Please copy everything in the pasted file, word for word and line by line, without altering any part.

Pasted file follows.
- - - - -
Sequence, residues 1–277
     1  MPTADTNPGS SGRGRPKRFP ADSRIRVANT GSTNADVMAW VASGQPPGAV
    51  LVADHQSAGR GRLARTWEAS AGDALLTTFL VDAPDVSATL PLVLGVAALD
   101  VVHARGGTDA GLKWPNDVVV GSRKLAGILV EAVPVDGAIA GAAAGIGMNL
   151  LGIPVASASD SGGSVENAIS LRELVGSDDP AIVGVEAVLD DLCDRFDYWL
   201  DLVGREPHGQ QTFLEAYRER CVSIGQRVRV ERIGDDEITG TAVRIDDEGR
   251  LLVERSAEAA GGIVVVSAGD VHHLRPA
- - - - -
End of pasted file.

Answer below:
Sequence, residues 1–277
     1  MPTADTNPGS SGRGRPKRFP ADSRIRVANT GSTNADVMAW VASGQPPGAV
    51  LVADHQSAGR GRLARTWEAS AGDALLTTFL VDAPDVSATL PLVLGVAALD
   101  VVHARGGTDA GLKWPNDVVV GSRKLAGILV EAVPVDGAIA GAAAGIGMNL
   151  LGIPVASASD SGGSVENAIS LRELVGSDDP AIVGVEAVLD DLCDRFDYWL
   201  DLVGREPHGQ QTFLEAYRER CVSIGQRVRV ERIGDDEITG TAVRIDDEGR
   251  LLVERSAEAA GGIVVVSAGD VHHLRPA